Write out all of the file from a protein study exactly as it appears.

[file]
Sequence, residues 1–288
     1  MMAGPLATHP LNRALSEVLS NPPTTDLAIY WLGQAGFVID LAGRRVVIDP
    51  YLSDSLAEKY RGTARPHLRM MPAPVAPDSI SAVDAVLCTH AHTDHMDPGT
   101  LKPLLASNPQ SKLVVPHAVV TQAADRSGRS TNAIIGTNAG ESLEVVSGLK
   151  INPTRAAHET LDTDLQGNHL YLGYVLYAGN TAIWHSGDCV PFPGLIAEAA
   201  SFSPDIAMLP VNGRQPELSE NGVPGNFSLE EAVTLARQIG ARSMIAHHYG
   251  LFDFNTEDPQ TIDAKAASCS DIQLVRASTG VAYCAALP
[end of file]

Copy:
Sequence, residues 1–288
     1  MMAGPLATHP LNRALSEVLS NPPTTDLAIY WLGQAGFVID LAGRRVVIDP
    51  YLSDSLAEKY RGTARPHLRM MPAPVAPDSI SAVDAVLCTH AHTDHMDPGT
   101  LKPLLASNPQ SKLVVPHAVV TQAADRSGRS TNAIIGTNAG ESLEVVSGLK
   151  INPTRAAHET LDTDLQGNHL YLGYVLYAGN TAIWHSGDCV PFPGLIAEAA
   201  SFSPDIAMLP VNGRQPELSE NGVPGNFSLE EAVTLARQIG ARSMIAHHYG
   251  LFDFNTEDPQ TIDAKAASCS DIQLVRASTG VAYCAALP